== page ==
In aviation terminology, the outside air temperature (OAT) or static air temperature (SAT) refers to the temperature of the air around an aircraft, but unaffected by the passage of the aircraft through it.[1]

Aviation usage

The outside air temperature is used in many calculations pertaining to flight planning, some of them being takeoff performance, density altitude, cruise performance and go-around performance.[2] In most texts, the abbreviation, "OAT" is used.


Most performance and flight planning graphs and tables use either degrees Celsius or Fahrenheit or both. The Kelvin scale, however, is used for Mach number calculations. For example, the speed of sound in dry air is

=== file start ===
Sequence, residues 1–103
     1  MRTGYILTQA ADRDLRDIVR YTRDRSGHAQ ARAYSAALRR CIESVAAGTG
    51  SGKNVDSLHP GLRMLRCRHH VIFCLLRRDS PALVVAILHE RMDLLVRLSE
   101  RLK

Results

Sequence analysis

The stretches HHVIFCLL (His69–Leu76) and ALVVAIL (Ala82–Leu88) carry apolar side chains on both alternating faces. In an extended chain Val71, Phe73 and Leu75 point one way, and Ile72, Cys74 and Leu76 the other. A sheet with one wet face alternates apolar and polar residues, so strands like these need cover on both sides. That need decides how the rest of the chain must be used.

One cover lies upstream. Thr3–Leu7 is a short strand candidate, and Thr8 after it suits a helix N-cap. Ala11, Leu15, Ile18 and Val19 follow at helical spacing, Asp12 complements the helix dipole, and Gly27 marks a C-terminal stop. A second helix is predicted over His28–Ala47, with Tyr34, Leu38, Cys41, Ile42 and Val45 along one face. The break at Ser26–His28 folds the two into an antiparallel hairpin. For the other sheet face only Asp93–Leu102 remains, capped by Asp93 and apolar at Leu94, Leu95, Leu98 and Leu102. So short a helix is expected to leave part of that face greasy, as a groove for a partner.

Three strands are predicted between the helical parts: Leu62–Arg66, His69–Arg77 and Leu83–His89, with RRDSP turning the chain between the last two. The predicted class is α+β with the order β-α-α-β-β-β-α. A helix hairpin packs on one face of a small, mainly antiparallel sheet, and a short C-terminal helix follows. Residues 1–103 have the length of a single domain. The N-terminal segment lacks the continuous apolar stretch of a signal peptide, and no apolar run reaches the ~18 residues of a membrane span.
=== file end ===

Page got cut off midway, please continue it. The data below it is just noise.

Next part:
is the speed of sound in knots,
is the outside air temperature in kelvins.


Outside air temperature can be obtained from the aviation meteorological services, on the ATIS or measured by a probe on the aircraft. When measured by the airplane's probe in flight, it may have to be corrected for adiabatic (ram effect) rise and friction,[3] particularly in high performance aircraft. Therefore, the outside air temperature is usually calculated from the total air temperature.

See also


  1. ^ "Unknown" (PDF).[permanent dead link]
  2. ^ Ground Studies for Pilots: Flight Planning, Sixth Edition (Ground Studies for Pilots Series), Peter J. Swatton, Wiley-Blackwell; 6 edition (December 3, 2002), 978-0632059393
  3. ^ "Pilot's Handbook of Aeronautical Knowledge". Federal Aviation Administration. 2016-08-24.